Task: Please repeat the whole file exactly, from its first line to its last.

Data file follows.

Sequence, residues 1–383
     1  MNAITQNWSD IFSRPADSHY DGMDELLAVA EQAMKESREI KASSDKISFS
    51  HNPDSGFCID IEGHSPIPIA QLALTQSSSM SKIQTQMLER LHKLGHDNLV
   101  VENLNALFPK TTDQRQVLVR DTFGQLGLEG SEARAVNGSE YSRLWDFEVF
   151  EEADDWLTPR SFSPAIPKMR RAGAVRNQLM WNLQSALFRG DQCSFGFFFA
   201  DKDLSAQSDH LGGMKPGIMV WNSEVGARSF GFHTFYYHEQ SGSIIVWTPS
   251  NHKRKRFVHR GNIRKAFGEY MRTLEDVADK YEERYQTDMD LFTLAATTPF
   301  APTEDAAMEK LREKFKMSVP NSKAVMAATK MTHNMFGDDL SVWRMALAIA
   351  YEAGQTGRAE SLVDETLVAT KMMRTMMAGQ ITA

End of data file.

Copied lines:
Sequence, residues 1–383
     1  MNAITQNWSD IFSRPADSHY DGMDELLAVA EQAMKESREI KASSDKISFS
    51  HNPDSGFCID IEGHSPIPIA QLALTQSSSM SKIQTQMLER LHKLGHDNLV
   101  VENLNALFPK TTDQRQVLVR DTFGQLGLEG SEARAVNGSE YSRLWDFEVF
   151  EEADDWLTPR SFSPAIPKMR RAGAVRNQLM WNLQSALFRG DQCSFGFFFA
   201  DKDLSAQSDH LGGMKPGIMV WNSEVGARSF GFHTFYYHEQ SGSIIVWTPS
   251  NHKRKRFVHR GNIRKAFGEY MRTLEDVADK YEERYQTDMD LFTLAATTPF
   301  APTEDAAMEK LREKFKMSVP NSKAVMAATK MTHNMFGDDL SVWRMALAIA
   351  YEAGQTGRAE SLVDETLVAT KMMRTMMAGQ ITA